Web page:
As we regularly Skype with Mrs. Obach's Grade 1 class (now her Grade 2 class as she has looped with this fabulous bunch of learners), we knew that they were passionately interested in reading Mo Willems' pigeon books. When they decided to write their own pigeon books in the style of Mo Willems', we followed with interest and learned alongside them as they investigated copyright rules for using an author/illustrator's character. We were excited for them when they were granted permission by Mo Willems to create their own pigeon stories! And talk about great digital citizenship at a young age...they actually contacted Mo Willem's publisher to find out if they could draw and write about his characters!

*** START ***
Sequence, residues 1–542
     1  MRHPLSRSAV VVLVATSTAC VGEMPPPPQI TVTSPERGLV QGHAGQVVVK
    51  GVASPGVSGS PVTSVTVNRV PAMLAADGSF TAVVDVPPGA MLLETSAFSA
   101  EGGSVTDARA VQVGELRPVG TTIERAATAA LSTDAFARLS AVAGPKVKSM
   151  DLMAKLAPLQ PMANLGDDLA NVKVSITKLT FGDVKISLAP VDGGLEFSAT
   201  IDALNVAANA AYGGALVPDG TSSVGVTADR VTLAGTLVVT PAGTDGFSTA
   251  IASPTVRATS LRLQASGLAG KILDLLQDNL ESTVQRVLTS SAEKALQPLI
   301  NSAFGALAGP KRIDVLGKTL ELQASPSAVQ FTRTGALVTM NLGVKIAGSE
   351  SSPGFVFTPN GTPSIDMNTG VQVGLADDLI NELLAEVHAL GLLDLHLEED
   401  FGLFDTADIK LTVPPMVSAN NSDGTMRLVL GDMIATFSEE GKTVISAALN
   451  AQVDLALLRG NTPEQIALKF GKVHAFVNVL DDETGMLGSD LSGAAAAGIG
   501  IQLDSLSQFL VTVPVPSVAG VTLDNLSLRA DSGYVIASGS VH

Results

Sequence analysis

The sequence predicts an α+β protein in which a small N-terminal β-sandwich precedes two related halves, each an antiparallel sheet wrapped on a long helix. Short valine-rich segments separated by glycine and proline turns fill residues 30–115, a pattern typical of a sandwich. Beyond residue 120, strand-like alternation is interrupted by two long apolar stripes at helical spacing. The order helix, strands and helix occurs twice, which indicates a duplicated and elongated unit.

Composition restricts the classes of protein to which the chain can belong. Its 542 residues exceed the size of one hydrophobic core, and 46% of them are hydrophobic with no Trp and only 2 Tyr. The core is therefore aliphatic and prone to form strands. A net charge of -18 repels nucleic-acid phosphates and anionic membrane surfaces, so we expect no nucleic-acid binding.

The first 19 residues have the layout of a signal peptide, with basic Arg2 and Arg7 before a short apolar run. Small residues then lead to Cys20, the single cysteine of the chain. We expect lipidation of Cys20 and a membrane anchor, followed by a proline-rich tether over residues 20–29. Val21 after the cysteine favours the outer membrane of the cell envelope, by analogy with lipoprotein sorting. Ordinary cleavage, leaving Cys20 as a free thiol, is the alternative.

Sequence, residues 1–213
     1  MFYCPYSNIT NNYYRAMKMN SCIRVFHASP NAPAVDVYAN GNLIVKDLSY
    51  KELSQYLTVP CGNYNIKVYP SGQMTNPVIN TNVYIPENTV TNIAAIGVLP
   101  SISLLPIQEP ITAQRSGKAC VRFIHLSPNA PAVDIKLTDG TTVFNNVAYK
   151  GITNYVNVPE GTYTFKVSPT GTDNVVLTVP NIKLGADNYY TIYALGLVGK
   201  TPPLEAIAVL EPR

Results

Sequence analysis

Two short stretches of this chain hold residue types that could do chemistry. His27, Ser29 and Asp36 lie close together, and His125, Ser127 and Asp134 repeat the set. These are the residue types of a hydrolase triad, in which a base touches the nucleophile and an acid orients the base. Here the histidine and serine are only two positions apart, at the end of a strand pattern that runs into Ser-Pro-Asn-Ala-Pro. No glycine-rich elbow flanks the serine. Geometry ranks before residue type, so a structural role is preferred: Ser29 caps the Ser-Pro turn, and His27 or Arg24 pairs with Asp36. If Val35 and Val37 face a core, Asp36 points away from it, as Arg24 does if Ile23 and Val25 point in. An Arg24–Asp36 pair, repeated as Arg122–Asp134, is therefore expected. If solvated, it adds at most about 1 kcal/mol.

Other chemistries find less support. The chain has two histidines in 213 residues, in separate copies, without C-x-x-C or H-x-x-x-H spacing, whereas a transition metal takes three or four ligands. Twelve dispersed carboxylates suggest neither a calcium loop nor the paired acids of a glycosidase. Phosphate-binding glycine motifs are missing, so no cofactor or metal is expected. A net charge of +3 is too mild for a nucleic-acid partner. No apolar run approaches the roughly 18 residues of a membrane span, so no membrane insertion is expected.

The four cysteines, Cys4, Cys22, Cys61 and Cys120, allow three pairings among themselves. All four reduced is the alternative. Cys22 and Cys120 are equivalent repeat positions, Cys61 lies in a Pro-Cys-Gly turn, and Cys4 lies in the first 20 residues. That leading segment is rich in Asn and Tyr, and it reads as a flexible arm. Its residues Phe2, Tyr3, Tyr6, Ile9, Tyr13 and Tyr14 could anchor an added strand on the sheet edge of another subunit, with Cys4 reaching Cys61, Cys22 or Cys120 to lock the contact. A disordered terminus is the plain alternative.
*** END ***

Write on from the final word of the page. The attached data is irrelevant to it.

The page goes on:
Our first day of senior kindergarten began with one of our Grade 2 friends sharing her pigeon story, and with that the pigeon craze came home to roost in Oak Lake Community School's senior kindergarten program! Since the first day, we have enjoyed one or two pigeon stories each day from our Grade 2 guest authors via Skype, and we've adapted the project to suit our kindergarten interests and abilities. Here's what we've been up to!

Reading and exploring: we've read every single one of Mo Willems' pigeon books MANY times. We've examined how the author uses speech and thought bubbles, hearts, different kinds of text, and punctuation. We've watched a number of YouTube adaptations of Mo Willems' books...some definitely better than others. This one is our favourite!

We also graphed our favourite Mo Willems' pigeon title on the SMART Board. Here's the slide if you'd like to use it.